“Here’s what happens when you poll people on a complex, emotional issue the vagaries of which they know little about,” writes Allahpundit at Hot Air who, having already parsed the views of Muslim Americans, now dissects The New York Times/CBS News expansive poll on attitudes toward immigration reform.
The survey found that 62 percent of respondents were in favor of allowing illegal immigrants who have been in the U.S. for more than two years a “chance to apply for legal status.” Then, Allahpundit tells us, things get a bit contradictory:
Only 37 percent overall approve of a citizenship track for guest workers as opposed to 55 percent who either oppose a guest worker program entirely or insist that workers go home at the end of their term. (Or is it the temporariness of the program that those 30 percent in question 69 oppose? It’s not clear.) … If we’re unwilling to let guest workers who’ve lived here for a few years assume legal status, why let non-guest-worker illegals who have lived here for more than two years enjoy that privilege?
Taking all the results thus far together, we find that Americans are willing to grant legal status to illegal aliens so long as they’re not here as part of a duly enacted guest-worker program, and only if we also get to prosecute them. Super.
The clear message: “Just keep asking the same questions with slightly different phrasing,” says Allahpundit. “Eventually you’ll get the answer you want.”
The pollster Scott Rassmussen compares his own survey results to the Times/CBS poll (very similar) and offers a little political insight:
First, the debate in the Senate has focused on how to legalize the status of illegal aliens. For most Americans, that’s missing the point (just 29 percent of American voters see legalizing the status of illegal aliens as a Very Important issue). Second, there is enormous skepticism about the government commitment to enforcing the borders (as the Times survey noted, only 14 percent believe the government is doing all it can at this time). To most voters, immigration reform is all about border control. Until voters are convinced that the enforcement is both real and effective, there will be no popular support for reform.
How will the politics play out? The Republican candidates don’t seem to be clear. “The McCain campaign — staying all over Romney on immigration like stink on [the stuff that fell on Bush’s arm yesterday] — says that Romney didn’t use the word ‘amnesty’ in Florida yesterday,” according to Jonathan Martin at The Politico. “The insinuation, of course, being that Romney is softening his tough talk on borders in a more diverse state where many top Republicans (Jeb, Martinez, Crist) take a more moderate stance on the issue.”
Mark Steyn is most concerned about the fast-track system for visas favored by supporters of the Senate bill.
The more you look at this bill the more it seems just the usual Beltway kabuki. Secretary Chertoff says in a time of war we need to know who’s in the country. Okay. But is dumping a gazillion new applications on a sclerotic immigration system the way to do that? Mohammed Atta was the second most famous terrorist in the world and on the front page of every American newspaper but the then I.N.S. still sent him a valid U.S. visa six months to the day after he died, and without even updating his address from that Florida flight school to Big Hole In The Ground, Lower Manhattan. And the excuse the agency made was, oh well, we’re only issuing visas to dead terrorists not living ones - which Americans pretty much had to take on trust and which seems a distinction far less likely to be maintained once there’s another 15 million in the system entitled to next-day service. If I were Mullah Omar, I’d apply for a Z-visa. The odds have got to be better than even.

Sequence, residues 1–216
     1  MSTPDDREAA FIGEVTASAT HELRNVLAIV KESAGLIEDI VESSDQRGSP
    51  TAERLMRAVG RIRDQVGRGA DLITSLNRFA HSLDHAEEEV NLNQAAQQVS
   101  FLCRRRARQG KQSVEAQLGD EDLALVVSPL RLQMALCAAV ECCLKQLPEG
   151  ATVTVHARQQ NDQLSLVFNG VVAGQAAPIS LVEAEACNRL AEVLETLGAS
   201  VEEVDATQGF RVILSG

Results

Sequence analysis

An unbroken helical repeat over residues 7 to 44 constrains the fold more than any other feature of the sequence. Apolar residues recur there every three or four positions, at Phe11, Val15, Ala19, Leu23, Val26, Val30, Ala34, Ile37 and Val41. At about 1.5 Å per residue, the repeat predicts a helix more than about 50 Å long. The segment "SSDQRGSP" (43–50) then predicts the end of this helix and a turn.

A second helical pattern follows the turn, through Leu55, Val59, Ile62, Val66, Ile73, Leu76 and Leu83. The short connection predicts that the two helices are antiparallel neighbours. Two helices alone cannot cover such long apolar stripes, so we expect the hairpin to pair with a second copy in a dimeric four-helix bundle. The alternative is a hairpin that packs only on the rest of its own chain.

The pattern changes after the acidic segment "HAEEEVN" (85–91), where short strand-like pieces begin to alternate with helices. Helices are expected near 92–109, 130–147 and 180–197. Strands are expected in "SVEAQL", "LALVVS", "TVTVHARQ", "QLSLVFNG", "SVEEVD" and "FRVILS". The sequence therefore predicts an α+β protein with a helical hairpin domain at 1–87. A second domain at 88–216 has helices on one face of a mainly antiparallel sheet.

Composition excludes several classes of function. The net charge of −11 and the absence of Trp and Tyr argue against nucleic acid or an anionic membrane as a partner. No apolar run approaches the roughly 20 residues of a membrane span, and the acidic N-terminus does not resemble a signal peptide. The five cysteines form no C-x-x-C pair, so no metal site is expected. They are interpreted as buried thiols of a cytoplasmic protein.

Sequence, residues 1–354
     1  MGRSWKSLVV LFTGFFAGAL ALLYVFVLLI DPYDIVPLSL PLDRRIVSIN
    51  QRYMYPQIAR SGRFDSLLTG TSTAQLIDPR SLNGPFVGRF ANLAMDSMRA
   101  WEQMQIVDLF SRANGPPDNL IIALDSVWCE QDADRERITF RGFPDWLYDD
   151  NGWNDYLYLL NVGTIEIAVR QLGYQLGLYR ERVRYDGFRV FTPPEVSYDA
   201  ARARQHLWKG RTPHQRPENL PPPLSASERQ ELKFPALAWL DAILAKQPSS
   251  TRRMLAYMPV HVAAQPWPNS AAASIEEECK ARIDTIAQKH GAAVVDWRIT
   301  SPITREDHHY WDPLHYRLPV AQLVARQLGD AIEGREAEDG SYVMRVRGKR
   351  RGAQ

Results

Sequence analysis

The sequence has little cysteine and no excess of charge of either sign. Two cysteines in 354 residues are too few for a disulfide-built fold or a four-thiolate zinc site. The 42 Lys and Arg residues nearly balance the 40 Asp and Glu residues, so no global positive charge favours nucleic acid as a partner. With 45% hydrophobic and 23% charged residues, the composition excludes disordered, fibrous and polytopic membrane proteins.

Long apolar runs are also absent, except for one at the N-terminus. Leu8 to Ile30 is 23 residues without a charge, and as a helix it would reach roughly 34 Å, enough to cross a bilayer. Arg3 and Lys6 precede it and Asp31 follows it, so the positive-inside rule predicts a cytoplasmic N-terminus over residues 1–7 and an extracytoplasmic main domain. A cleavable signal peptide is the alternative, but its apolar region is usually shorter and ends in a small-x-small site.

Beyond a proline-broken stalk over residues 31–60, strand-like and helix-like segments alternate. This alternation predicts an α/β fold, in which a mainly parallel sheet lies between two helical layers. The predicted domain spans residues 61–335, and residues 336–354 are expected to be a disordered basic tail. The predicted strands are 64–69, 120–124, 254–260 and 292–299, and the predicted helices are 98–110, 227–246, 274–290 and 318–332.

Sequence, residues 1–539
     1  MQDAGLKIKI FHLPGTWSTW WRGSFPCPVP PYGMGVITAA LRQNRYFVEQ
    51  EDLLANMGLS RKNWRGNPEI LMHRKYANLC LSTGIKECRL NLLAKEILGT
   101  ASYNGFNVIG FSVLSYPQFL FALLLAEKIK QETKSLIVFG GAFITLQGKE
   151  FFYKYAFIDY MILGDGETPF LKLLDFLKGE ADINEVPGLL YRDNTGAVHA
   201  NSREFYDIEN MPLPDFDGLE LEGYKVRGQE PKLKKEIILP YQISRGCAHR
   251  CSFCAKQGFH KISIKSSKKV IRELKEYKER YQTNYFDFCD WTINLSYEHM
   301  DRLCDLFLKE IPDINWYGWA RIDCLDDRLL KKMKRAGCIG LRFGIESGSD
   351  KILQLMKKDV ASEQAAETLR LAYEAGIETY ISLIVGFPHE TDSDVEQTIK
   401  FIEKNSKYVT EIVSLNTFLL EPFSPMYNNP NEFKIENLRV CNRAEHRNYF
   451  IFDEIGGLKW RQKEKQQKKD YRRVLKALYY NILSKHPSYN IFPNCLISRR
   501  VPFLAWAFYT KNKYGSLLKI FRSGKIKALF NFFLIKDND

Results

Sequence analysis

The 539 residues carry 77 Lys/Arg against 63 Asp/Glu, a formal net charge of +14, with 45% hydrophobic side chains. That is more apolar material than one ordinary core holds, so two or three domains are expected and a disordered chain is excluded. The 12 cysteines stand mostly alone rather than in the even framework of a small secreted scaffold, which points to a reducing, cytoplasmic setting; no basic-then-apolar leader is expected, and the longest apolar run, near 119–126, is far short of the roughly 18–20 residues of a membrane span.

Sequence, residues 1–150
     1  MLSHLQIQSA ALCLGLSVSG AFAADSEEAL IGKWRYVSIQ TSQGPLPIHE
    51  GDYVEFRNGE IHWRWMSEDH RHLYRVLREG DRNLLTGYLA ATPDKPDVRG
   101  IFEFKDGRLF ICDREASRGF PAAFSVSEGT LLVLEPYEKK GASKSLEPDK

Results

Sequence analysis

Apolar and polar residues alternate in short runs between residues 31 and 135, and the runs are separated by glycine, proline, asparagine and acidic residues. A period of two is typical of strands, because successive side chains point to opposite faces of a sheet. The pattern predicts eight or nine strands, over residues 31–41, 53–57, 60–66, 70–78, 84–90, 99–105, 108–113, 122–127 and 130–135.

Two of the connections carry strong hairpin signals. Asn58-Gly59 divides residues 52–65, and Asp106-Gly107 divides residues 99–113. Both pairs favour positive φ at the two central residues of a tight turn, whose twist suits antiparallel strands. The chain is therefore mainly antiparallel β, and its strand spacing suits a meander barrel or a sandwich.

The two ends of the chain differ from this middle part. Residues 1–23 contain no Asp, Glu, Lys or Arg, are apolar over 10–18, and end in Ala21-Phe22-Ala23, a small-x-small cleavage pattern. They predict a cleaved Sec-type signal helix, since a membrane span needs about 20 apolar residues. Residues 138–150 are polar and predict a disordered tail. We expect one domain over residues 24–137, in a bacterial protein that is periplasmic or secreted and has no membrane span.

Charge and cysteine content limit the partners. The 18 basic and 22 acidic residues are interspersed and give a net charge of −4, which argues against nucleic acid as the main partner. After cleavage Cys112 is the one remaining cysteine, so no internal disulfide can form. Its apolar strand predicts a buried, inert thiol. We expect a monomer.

Tales of the Somewhat Surprising
Mark Noonan at Blogs for Bush is (somewhat surprisingly) pleased that the Democratic House passed a law against gasoline price gouging.
It is time to be pro-active: drop the price of gasoline, or eventually face the wrath of the American people who will go along with price controls, perhaps with a veto-proof majority. That would screw up the whole energy business and it would lead to scarcity and higher prices…but that will be poor consolation to you as your companies get soaked with windfall profits taxes which will hit you just as your current income is in the dumpster.
There’s nothing wrong with making money. Heck, there’s [nothing] wrong with making a whole lot of money - but there is a time and a season for everything, and if you don’t want it to be time for a major assault on the oil and gas industry, you might want to cut your profits down to a dull roar for a few months.
On the other side of the divide, Big Tent Democrat at TalkLeft is (also somewhat surprisingly) not upset that the Democrats were forced to pass a supplemental spending bill that didn’t contain an Iraq withdrawal date.
Ironically, unlike most everyone else, I am not so discouraged about what can happen next. For I believe, after this hard lesson, for Democrats in Congress, for progressive activists, for the Netroots, we can now go forward with a PRAGMATIC, realistic plan to end the Iraq debacle AND play smart politics. Yes, from these ashes should rise the Reid/Feingold/ McGovern Dodd/Kerry/Edwards/Obama/Clinton/Boxer, et al. NOT funding after a date certain framework.
— Tobin Harshaw